Cristina and Jascivan Carvalho open their doors to our groups at their rustic mountain lodge in Ecuador, where views of towering Cotopaxi are spectacular on a clear day. Guest rooms are comfortably furnished and heated by wood-burning stoves, and the chef prepares excellent home-cooked meals using fresh local ingredients from Ecuador’s highlands. At night, it’s a treat to sit out by the lodge’s campfire and stargaze under the high mountain skies.
Preserving Artisanal Crafts
Throughout this immersive experience, you will learn about the history of cocoa in Ecuador as well as taste the different types of cocoa throughout the region. Cacao has been cherished throughout Latin America for over 5,000 years and has been known as the “Food of the Gods.” The founders of Republica del Cacao began their journey over ten years ago, striving to produce the most authentic chocolate while also developing and protecting sustainable cacao production in Ecuador and the rest of Latin America.
Parchment bookmaking is an ancient artistic tradition in Ethiopia and many other parts of the world. On our trips in Ethiopia, you will have a chance to see how these richly beautiful items are created and how much time and effort goes into making each one.
As the only indigenous population of Finland, the Sámi people embrace their traditional way of life, from reindeer husbandry to dogsledding. In the village of Inari, we spend the day with Tuula, a local woman who lives on a remote farm along Mutus Lake. We’ll learn about her way of life and get a real insider’s perspective about the thriving Sámi culture.
In the Andes, the specially designated textiles of the traditional Yampara people are used to communicate cultural values. We’ll learn the meanings behind the hundred-year-old patterns, symbols, and colors of Yampara weavings when we visit the famed Sunday market at the little mountain village of Tarabuco and are hosted for special lunch at the local family-owned restaurant.
Protecting Wild Spaces
The Kichwa Añangu people of the Napo Wildlife Center present a sustainable ecotourism model. All proceeds are reinvested into community projects such as renewable energy, education, and health care. The center has incredible programs that will introduce you to the community, enable you to learn about ancestral customs and traditional practices, and so much more. You will learn about the traditions of this ancestral community of Añangu through song, dance, and conversation. Each member of the Napo Wildlife Center was recruited not only for their local knowledge but also for their great love of the Amazon and willingness to share that love with others.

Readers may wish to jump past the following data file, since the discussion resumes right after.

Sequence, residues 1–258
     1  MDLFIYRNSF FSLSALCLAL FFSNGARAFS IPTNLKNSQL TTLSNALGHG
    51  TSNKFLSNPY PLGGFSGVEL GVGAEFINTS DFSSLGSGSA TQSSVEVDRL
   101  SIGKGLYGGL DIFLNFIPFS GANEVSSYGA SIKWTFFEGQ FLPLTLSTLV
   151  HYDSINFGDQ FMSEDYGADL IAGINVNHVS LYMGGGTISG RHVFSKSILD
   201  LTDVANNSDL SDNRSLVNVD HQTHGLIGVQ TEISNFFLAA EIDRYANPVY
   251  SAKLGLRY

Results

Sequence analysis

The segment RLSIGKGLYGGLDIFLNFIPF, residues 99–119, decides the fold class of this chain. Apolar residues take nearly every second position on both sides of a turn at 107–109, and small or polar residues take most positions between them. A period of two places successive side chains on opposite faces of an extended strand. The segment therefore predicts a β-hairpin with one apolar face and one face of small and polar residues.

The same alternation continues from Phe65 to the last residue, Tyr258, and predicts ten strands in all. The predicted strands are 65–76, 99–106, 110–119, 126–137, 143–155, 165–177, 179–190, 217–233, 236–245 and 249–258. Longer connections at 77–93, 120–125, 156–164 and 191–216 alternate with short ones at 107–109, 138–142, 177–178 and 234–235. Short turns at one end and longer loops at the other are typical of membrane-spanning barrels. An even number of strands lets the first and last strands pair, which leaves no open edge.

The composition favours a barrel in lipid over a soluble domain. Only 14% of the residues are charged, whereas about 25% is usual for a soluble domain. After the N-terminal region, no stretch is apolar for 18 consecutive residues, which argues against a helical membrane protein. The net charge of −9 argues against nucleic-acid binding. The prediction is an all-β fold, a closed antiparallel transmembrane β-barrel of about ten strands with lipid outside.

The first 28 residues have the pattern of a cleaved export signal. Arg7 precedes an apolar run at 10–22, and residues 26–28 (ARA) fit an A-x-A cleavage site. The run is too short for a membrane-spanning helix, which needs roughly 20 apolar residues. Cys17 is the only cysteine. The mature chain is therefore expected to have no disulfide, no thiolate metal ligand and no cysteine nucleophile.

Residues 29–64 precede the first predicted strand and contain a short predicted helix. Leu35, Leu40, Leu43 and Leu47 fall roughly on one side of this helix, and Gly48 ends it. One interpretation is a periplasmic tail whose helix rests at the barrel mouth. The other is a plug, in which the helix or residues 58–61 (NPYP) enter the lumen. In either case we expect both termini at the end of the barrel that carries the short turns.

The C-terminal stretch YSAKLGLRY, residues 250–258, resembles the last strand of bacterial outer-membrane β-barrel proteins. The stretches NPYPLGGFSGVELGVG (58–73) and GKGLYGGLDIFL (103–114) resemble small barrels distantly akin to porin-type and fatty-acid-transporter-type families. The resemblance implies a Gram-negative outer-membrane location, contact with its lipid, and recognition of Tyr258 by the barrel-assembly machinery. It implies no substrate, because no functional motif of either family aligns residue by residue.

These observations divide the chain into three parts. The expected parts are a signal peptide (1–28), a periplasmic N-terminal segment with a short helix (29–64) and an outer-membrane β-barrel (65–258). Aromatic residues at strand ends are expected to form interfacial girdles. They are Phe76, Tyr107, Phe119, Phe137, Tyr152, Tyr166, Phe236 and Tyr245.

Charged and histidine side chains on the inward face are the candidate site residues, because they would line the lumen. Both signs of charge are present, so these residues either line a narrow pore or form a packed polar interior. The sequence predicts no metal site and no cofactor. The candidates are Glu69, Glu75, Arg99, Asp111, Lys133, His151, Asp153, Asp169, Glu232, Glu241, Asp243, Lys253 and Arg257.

On our Madagascar wildlife journeys, we take time to learn about the country’s local conservation efforts. You’ll meet our Trip Leader’s son, who has been involved with reforestation for eight years, meet a local man who has been a seed collector for 20 years, and even have an opportunity to plant your own baobab tree with a local conservation group.
WT offsets all carbon emissions for your trip from the time you land to the time you leave. We also support (and encourage our travelers to donate to) Bye Bye Plastic Bags, an Indonesian NGO run by two passionate Balinese teenagers. Our boat has a tiny eco-footprint, and we are committed to preserving the healthy ecosystem of Raja Ampat long into the future!